From Sharne Wolff…
Dean Tirkot has lived in Bondi for over a decade and has been working on his Terra Nullius series of photographs for several years. Having recently completed a Master of Studio Art at Sydney College of the Arts, Tirkot’s graduation display comprises a series of 10 life-size portraits of Bondi Beach stereotypes. With subjects ranging in ages from 15 to 85 years, Tirkot’s images are presented for close examination – like scientific illustrations. While Tirkot follows in the footsteps of artists like Max Dupain in capturing Australia’s relationship with the beach, his images are concerned with the humanity of those who frequent our idyllic coastal fringe.
No friend of photoshopping, Tirkot uses an 8 x 10 large format camera to capture each person in very sharp focus. While every image is created slowly, the time-consuming process allows Tirkot to develop a trusting relationship with his subjects. Shown on stark white backgrounds arms by their sides and stripped of emotion, most are portrayed without their best face forward. The title Terra Nullius from the Latin phrase meaning ‘land that belongs to no one’ is inextricably connected with the Mabo case and Indigenous land claims. Tirkot draws on this association to link his series with historical ethnographic photographs of Indigenous people. His intent is to “entice a deeper layer of reflection, in the systems that connect identity, lineage, history and memory of Australian culture”.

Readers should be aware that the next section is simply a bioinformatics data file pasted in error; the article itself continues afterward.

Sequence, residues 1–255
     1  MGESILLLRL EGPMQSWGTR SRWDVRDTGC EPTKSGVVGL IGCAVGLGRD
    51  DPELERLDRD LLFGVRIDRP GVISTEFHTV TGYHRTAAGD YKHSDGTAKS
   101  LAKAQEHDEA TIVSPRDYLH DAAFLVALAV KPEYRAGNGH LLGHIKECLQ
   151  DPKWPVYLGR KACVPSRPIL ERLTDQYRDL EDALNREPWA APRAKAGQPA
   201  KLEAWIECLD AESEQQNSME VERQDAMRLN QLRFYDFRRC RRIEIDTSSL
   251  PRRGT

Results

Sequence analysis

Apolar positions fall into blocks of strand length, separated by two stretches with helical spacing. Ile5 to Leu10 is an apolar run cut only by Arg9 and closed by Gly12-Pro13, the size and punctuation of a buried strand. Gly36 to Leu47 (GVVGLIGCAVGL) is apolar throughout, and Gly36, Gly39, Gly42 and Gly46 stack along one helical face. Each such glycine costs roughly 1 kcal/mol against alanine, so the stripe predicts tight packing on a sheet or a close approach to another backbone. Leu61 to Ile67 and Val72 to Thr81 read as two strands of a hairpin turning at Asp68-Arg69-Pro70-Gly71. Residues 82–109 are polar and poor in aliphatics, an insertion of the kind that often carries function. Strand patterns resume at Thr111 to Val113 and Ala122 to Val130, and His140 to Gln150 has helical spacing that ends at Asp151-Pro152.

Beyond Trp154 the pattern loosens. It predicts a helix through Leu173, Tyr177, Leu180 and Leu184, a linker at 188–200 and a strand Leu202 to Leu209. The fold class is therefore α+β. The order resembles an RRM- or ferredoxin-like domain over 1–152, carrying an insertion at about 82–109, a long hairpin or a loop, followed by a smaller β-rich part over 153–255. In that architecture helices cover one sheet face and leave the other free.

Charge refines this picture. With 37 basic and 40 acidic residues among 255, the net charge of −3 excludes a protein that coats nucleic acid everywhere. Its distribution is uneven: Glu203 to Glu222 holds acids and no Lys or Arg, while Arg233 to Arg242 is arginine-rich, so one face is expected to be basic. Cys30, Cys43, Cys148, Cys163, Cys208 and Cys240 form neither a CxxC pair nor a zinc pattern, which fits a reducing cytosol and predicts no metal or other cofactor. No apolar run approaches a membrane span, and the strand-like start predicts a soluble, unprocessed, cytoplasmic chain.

Terra Nullius is presented in conjunction with Sydney College of the Arts end of year postgraduate exhibition.
Until December 11
Sydney College of the Arts, Lilyfield
Pic: Dean Tirkot, Terra nullius, 2013. (From the series Terra Nullius Works – 1 to 10) Large format photography. All works 182 x 125 cm